Awestruck once again we arrived our cute little cabin, with the little kitchen and the little living room and the little bathrooms in the cute little town, notice a theme?
Silver Gate is hemmed in by large mountains and sits along the banks of a babbling mountain stream, water which some day would flow just past our house in Louisiana. After a tasty dinner in the cabin John, Jamie, Grace and I ventured into the park for the first time, and found a short trail which turned us around after a storm blew in and blew over a tree 5 feet away.
Time to check out Yellowstone, a huge park supposedly larger than Delaware and Rhode Island combined, and putting my geography knowledge to the test, larger than 10-15 countries. It’s a big place! A theme of the trip developed yesterday actually as I told the kids “prepare to be amazed” Yesterday was one of those days and today was going to be another. We did a lot today so I’ll just list the events.
1. Hike to Trout Lake. A short hike with a steep climb, the first of many steep climbs. Pretty spot with, aptly, many trout visible in the clear waters.
2. Lamar Valley We will eventually drive through this magical place 7 times in total but this is the first. It is filled with Bison and a few other animals like Bear, Elk and Antelope, all of which we saw with varying success. Today we saw a herd of bison ‘stampeding’ down a hillside. The sage filled valley (instead of trees) allows the driver to see the 10,000 foot peaks lining it’s 20 mile length.
3. One bison inched along a road that had nowhere for him to go except keep walking on the road, cliffs on both sides the road preventing it from doing anything else except keep walking down the road.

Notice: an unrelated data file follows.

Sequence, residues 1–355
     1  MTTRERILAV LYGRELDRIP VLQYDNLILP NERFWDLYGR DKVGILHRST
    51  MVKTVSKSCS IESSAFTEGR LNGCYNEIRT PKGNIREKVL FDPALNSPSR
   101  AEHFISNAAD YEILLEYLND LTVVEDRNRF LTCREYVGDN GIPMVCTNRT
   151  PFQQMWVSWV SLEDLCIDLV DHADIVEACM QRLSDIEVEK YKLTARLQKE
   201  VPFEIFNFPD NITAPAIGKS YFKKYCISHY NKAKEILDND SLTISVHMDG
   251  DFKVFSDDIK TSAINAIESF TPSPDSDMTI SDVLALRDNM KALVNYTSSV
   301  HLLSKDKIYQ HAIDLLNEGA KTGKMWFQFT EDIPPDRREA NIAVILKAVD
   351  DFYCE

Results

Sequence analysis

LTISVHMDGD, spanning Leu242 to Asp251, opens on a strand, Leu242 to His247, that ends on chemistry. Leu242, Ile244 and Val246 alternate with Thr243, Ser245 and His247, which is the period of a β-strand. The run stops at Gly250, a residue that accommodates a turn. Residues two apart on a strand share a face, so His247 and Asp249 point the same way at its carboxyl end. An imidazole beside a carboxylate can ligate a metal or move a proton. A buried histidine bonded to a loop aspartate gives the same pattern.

4. Old Faithful geyser area. For about 30 miles we had been passing steaming, burping and smelly features. Just an amazing place. The complex of Old Faithful is like a theme park. Stores, restaurants, lodges and of course the main attraction. What fascinates me is looking into a hole in which steam is steam is coming or water is boiling and it feels like you have the rarest opportunity to look into the earth. We explored a lot and then made the long trip back. We did climb up to the Grand Prismatic Spring overlook and saw that marvelous sight.
5. Driving back. A ferocious storm approached as were getting ready to drive through Dryden Pass, a sinewy drive we’d do a total five times on the trip. We stopped at an overlook and saw the strong storm off in the distance.
When we’d arrive back to Silver Gate the entire tiny town with the tiny cabin was in the dark. This park was in the process of wearing us out!
It’s always been one of my dreams to climb a tall mountain. Today was that chance. A lot of people are content to look at the hills and mountains, but a lot like to climb as well and count me in that number.